Lately I've been reading too many stories of raging customers asking questions like "do you know who I am?!" ...all these poor people out there with amnesia... No wonder there are so many grumpy, cynical and demoralized service workers about.
But it can't be all entitled knuckledraggers out there, even in a city like Toronto with the ubiquitous Mayor MacCheese and the entire Ford family.
Please share your stories of great customer service and human exchange. It can't all be crazy angry selfish oafishness out there!
Unfortunately, I can't recount any specific stories. It's rare that I experience less than acceptable service. Nor have I ever witnessed a customer tirade such as you suggest you've regularly read about. Maybe where I am we just have fewer arsewipes than where you are. Or, at least, less vocal arsewipes.
I suspect that, like most employers everywhere in any industry, they are more grumpy, cynical and demoralised because of actions and attitudes from their employer than from customers. Solution is for employers to respect and support their employees. Simple, good management.
along with "do you know who I am"...
Many years ago I was supposed to be on a flight that was cancelled due to bad weather at our destination.
This was in the days before cellphones and instant rebooking...so the only way to get a hotel voucher and a new booking was to stand in line.
The desk attendants were already at the end of their shift, but pressed into overtime to handle the mess...and they were taking no end of grief from the passengers (as though they could control the weather...)
A corporate blowhard shoved his way to the front of the line and cut into the line. The clerk asked him nicely to take his place at the end of the line (several times), but he was having none of it.
He finally slapped his palm down onto the counter and bellowed "DO YOU KNOW WHO I AM?"
Wonderful soul that she was, picked up the intercom and made the announcement that would the persons traveling with the upset gentleman at the counter please come to his assistance, as he apparently has no idea who he is.
Dead silence, then applause as he turned crimson, gulping like a goldfish, and stormed to the end of the line.
had driven to central Ohio for a New Years Eve wedding and arrived as a blizzard began. I just followed the tail lights of the semi-truck in front of me and hoped I wouldn't become one of the dozens of cars stranded in snow banks. Fortunately my hotel was at the foot of the exit and I arrived safely.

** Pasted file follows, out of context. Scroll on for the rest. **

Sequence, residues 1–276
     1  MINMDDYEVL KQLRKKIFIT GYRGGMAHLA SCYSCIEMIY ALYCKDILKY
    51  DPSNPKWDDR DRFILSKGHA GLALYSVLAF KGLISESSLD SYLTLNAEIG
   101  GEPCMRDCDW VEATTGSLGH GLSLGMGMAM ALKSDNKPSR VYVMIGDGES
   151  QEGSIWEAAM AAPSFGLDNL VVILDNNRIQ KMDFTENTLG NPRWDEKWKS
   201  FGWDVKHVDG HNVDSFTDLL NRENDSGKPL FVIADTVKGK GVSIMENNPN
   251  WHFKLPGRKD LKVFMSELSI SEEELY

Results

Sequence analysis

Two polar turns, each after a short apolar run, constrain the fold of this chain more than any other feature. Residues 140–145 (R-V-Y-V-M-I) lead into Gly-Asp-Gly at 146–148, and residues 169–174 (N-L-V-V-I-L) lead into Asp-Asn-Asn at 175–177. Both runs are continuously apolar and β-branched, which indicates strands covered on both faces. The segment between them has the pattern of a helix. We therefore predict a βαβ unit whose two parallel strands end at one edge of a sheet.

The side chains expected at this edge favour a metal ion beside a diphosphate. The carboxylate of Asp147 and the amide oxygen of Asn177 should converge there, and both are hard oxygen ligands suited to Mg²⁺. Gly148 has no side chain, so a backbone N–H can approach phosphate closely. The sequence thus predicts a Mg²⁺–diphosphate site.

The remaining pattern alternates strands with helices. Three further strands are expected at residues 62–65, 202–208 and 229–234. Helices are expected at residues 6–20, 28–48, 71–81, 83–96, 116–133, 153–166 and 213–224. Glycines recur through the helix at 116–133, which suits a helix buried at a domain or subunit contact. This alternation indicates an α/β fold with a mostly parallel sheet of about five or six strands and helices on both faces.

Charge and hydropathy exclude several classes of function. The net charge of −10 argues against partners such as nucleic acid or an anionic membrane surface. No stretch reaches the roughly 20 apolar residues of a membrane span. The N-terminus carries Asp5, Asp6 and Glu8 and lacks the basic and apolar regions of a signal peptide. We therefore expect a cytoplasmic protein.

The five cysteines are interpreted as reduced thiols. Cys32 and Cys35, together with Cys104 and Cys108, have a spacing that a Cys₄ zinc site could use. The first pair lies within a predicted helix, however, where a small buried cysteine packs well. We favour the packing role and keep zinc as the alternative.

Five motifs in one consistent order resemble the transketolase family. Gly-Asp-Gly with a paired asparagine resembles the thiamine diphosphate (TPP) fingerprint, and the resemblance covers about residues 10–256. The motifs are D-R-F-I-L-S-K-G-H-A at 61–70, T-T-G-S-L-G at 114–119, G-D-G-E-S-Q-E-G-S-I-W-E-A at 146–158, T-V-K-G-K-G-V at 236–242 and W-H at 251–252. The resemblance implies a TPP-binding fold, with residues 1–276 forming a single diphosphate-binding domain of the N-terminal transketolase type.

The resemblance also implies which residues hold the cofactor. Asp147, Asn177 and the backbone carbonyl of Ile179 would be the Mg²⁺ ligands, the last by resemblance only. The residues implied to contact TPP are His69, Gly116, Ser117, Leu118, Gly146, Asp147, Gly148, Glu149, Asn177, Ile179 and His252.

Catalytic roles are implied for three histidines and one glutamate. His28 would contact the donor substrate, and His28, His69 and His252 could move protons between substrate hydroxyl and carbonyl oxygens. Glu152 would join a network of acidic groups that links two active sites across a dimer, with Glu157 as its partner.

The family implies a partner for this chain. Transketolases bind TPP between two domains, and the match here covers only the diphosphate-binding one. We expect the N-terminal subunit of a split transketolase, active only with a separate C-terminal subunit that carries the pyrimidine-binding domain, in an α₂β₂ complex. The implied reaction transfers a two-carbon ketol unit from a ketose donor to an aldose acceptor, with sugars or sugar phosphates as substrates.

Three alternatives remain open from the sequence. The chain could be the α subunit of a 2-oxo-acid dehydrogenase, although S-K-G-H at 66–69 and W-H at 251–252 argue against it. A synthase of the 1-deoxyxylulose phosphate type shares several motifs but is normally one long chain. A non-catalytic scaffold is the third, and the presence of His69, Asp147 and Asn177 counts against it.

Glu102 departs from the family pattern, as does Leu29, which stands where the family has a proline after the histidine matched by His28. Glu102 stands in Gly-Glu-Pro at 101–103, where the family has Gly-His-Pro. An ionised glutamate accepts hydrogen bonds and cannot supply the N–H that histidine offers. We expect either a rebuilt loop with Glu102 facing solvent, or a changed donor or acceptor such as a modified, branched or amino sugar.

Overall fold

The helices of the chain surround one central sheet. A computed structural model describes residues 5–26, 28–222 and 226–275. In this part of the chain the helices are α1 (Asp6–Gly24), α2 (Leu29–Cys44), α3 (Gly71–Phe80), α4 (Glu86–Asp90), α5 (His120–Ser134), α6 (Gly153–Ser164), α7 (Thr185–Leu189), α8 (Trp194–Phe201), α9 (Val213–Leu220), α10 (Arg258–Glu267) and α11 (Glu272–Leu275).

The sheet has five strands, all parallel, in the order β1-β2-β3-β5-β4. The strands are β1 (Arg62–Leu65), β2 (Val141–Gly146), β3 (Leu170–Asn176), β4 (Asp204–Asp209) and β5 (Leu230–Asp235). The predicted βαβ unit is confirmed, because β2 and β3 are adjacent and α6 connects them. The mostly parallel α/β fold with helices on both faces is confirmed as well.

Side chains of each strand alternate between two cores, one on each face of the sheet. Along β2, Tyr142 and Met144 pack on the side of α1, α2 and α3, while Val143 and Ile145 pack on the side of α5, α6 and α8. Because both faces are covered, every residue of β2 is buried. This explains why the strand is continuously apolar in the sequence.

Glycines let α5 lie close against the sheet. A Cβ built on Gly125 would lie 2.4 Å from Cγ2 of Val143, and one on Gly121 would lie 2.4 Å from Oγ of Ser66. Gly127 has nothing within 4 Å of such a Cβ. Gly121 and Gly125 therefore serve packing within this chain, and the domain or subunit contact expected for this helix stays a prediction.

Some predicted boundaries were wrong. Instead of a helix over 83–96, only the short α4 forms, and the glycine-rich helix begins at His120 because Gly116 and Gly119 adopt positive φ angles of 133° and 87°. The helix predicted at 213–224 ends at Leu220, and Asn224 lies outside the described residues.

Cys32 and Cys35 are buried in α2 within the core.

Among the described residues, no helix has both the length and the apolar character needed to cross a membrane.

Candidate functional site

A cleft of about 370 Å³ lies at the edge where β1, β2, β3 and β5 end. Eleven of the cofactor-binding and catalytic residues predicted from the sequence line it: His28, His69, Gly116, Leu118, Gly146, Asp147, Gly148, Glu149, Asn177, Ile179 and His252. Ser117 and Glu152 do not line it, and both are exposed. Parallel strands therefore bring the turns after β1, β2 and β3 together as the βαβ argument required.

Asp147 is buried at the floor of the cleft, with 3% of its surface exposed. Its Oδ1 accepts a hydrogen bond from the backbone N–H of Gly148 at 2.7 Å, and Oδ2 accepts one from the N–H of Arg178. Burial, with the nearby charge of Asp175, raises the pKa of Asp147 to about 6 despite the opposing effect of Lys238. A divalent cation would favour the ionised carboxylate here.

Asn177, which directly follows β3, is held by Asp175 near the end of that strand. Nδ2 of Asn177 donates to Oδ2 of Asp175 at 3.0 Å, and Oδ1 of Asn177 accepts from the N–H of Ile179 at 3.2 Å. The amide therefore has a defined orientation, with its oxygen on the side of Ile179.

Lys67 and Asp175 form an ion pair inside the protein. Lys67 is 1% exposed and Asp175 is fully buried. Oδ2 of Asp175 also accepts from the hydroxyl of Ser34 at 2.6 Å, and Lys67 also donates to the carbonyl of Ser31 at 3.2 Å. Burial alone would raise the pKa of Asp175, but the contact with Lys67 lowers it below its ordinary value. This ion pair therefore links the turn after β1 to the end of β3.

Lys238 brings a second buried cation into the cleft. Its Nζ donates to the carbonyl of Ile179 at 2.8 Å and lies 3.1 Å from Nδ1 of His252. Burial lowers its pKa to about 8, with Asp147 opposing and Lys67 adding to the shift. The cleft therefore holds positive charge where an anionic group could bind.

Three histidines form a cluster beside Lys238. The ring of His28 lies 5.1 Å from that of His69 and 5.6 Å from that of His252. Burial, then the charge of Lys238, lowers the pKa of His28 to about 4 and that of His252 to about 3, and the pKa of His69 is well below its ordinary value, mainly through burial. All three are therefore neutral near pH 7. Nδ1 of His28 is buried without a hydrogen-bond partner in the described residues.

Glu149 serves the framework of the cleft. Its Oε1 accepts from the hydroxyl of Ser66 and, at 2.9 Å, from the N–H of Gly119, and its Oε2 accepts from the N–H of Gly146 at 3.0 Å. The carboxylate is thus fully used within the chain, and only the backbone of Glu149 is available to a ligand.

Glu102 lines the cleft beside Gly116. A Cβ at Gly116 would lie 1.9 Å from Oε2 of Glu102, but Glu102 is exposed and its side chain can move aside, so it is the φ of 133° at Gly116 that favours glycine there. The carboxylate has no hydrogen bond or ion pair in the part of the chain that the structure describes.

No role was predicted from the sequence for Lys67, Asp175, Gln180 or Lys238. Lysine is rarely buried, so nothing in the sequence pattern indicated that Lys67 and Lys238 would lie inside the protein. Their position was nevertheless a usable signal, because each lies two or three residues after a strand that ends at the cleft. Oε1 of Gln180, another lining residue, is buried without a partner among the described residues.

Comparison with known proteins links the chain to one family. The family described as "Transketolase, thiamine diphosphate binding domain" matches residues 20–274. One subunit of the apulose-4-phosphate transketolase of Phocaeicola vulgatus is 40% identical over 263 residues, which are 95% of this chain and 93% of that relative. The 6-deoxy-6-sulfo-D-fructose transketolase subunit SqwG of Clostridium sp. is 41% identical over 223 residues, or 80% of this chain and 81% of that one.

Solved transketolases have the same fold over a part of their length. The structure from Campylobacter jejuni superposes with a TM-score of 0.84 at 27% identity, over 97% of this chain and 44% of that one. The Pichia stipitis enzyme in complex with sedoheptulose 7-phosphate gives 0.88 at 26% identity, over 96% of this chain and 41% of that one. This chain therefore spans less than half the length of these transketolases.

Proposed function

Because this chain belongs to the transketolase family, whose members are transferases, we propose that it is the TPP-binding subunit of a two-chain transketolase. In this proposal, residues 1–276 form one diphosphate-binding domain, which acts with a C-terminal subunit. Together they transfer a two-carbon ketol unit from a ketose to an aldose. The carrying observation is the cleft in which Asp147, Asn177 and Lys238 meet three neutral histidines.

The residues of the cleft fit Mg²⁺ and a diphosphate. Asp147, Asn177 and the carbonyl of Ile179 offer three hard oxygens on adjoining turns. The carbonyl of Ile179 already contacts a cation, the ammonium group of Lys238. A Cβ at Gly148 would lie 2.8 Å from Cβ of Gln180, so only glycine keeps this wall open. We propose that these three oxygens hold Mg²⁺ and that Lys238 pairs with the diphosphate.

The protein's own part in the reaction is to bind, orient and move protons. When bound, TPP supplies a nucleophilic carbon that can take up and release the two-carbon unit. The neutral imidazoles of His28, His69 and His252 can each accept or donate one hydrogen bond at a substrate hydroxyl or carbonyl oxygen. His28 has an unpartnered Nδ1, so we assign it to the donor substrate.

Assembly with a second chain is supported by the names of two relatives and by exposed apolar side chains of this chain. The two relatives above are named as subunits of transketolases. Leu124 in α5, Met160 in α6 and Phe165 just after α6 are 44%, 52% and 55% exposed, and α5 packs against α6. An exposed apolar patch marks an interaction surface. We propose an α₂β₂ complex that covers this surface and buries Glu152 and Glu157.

The next morning I opened the door to snow mid-thigh high. The parking lot had not been plowed. Even the interstate was silent. The hotel clerk was unconcerned, unhelpful and useless about the situation. I spotted a Denny's a block away - the only place which appeared open. I layered every stitch of clothing I had and started to trudge my way there.
Minutes before I arrived the sign turned off and the restaurant went dark. I knocked on the locked door anyhow and a kindly waitress opened up. They had closed since the next shift could not safely arrive due to road closures.
Once I explained my situation and said I was happy to buy any leftover breakfast meats, biscuits, pie, etc. and whatever coffee was still available she told me to have a seat.
10 minutes later they sent me back with a thermos carafe (to be returned later) of fresh coffee, bags of biscuits, toast & muffins, 1/3rd of a chocolate pie, crackers and cheese, apples and bananas. They also gave me packets of half and half,sugar, mayo, mustard, butter and jam, a box of bacon, ham, and sausage and another box of just made scrambled eggs. Plenty of disposable cutlery too!
They wouldn't take a cent.
Their generosity really made my snowed in stay a much more pleasant experience. A cold scrambled egg and ham sandwich can be a pretty delicious thing!
A blonde got lost in her car in a terrible snow storm. She remembered what her dad had once told her, "If you ever get stuck in a snow storm, wait for a snow plow and follow it."
Pretty soon a snow plow came by, and she started to follow it. She followed the plow for about forty-five minutes. Finally, the driver of the snowplow got out and asked her, "What are you doing?" She explained, "My Dad told me, 'if you ever get stuck in a snowstorm , follow a snow plow.'" The driver nodded and said: "Well, I'm done with the Wal-Mart parking lot. Want to follow me over to K-Mart?"
It's because many more people complain then praise. Even on this site the posts that recount positive experiences with good food rarely get more than a handful of replies, if they even get that.
However post about a negative experience and watch it go viral with dozens and dozens of replies. Most them will be trying to one-up the others with more stories of bad service.
Post something negative about a board darling and the same will happen while positive ones usually get no more than few thumbs up, plus ones and thats it.
Human nature is what it is.
I for one have never personally experienced "Do you know who I am?". I have witnessed it on the news, usually from local celebs and their off spring, but thats it. All of my many dealing with celebs (I lived/worked in a popular celeb destination) have never been less than pleasant.
Probably the most negative experience was when the has-been tv star wife of a then huge movie/tv star dragged the kids in at around 9:00pm screaming that he needed to go home NOW. He graciously paid the bill and left the four just opened $300+ bottles of wine for the staff, all while quietly apologizing for her outburst
At Dan Tana's in West Hollywood, an actor walked in with his entourage and demanded a table. Told there would be a two hour wait, he thundered "Do you know who I am? I'm John Travolta!" 'Oh!' said the head waiter, suitably impressed, 'For you, Mr. Travolta, the wait will be *three* hours.'
Hey, I didn't buy it about Travolta anyway :) Plus does anyone that famous actually say "do you know who I am????". It's Travolta. He knows we know! It would be a better story with a more arrogant, less well liked, less recognizable celebrity swapped in.